Suddenly, at the blink of an eye, August is here and summer is fast approaching its end. With autumn drawing closer in, excitement forms as new expectations are made of what the next season will bring. Here to help with the transition is the track of the week, preaching adventure, change and moving forward.
Go ahead and holster your witty comparisons to Jack Black and the movie School of Rock when you are around James Hughes — he’s heard them before.
A fresh face in the punk scene, local rockers Bike Tuff produce authentic indie/emo/punk music that’s a little more thoughtfully crafted than is usually the case. Their latest effort, Into Shore, displays a songwriting craft and general musical ability that can be elusive for the genre.
The Red Handed's album combines the lofty aspirations and knotty compositions of prog with the earnestness and accessibility of indie rock: the playing is competent yet not overblown, the vocals are clean and simple (think Between the Buried and Me, not Dream Theater), and the songs are concise and compact, yet packed with enough detours to keep all the music nerds happy.
For the past three years, LadyfestGR organizers Jes Kramer and Steffanie Rosalez have scoured West Michigan communities to find some of the best females to include in their lineup.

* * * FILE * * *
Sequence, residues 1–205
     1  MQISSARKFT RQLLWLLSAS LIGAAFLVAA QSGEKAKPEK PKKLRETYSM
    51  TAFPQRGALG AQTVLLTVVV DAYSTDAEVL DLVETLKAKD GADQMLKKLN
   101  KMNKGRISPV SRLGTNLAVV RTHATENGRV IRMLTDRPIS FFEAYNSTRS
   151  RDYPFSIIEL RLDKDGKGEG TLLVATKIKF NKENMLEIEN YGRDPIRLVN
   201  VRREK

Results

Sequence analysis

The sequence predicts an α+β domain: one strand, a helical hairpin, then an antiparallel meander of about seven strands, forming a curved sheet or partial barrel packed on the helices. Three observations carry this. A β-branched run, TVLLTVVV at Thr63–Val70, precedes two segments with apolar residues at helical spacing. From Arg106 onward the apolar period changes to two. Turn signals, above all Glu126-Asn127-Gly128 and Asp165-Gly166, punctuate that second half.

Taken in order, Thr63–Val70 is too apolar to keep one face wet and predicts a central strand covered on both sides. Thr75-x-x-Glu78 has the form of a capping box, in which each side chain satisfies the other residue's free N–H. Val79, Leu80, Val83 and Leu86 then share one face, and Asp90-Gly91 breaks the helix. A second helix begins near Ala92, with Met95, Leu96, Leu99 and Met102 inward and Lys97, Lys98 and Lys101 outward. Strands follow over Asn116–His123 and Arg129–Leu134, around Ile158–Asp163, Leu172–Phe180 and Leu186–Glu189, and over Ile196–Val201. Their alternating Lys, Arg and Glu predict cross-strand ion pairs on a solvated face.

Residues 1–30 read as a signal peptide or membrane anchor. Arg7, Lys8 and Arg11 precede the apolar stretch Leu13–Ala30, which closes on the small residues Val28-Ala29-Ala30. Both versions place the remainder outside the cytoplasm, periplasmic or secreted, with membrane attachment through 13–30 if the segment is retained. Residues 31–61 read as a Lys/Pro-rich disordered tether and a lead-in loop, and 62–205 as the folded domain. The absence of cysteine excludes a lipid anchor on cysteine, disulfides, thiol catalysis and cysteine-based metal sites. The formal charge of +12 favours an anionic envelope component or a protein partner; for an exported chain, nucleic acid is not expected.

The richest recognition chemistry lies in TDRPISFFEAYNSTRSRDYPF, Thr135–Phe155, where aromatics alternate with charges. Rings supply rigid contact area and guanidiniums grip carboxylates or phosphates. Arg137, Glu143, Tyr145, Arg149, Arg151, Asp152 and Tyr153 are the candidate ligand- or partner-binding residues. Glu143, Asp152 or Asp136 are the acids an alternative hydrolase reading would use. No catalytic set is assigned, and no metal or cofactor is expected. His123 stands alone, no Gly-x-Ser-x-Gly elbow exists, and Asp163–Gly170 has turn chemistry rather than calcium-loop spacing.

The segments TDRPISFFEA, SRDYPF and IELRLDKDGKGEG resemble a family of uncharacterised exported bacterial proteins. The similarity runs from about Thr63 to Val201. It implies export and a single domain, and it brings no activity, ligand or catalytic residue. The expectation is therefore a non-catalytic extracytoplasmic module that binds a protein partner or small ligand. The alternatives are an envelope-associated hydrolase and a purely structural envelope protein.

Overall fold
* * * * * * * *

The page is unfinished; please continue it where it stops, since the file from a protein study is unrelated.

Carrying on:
It was only a matter of time before hip hop consumed Rick Chyme's life. The rapper, (real name: Patrick Cleland) got into the genre through basketball, which he played from first grade through college at Western Michigan University.
West Michigan is known as a weekenders’ haven, an avenue for the arts and an artists’ retreat. Summer brings music festivals and an upswing in nightlife events from Kalamazoo to Grand Rapids and the lakeshore. Venues such as The Pyramid Scheme and The Intersection attract national caliber rock and pop acts.
When Grand Rapids-based musician Jake Stilson decided to turn to crowdfunding as a means of recording his 2013 release, Stilson Shmilson, he found himself as one of many artists -- locally and nationally -- trying out the relatively new method.
An intriguing mix of American and Brazilian influences mark the work of singer/songwriter Mónica da Silva. A native of both Grand Rapids and Belém, Brazil (and a dual citizen of both), da Silva’s aural creations are aptly described by her as “Indie Nova”: a rich blend of traditional bossa nova of idie pop.
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